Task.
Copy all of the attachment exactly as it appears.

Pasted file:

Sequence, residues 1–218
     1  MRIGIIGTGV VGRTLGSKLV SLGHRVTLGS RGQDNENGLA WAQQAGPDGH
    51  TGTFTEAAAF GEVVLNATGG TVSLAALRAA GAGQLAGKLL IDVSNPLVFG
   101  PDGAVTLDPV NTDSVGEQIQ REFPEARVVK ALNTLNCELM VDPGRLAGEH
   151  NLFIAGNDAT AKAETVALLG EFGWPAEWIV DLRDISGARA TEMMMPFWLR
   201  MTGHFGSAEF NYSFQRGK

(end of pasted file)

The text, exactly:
Sequence, residues 1–218
     1  MRIGIIGTGV VGRTLGSKLV SLGHRVTLGS RGQDNENGLA WAQQAGPDGH
    51  TGTFTEAAAF GEVVLNATGG TVSLAALRAA GAGQLAGKLL IDVSNPLVFG
   101  PDGAVTLDPV NTDSVGEQIQ REFPEARVVK ALNTLNCELM VDPGRLAGEH
   151  NLFIAGNDAT AKAETVALLG EFGWPAEWIV DLRDISGARA TEMMMPFWLR
   201  MTGHFGSAEF NYSFQRGK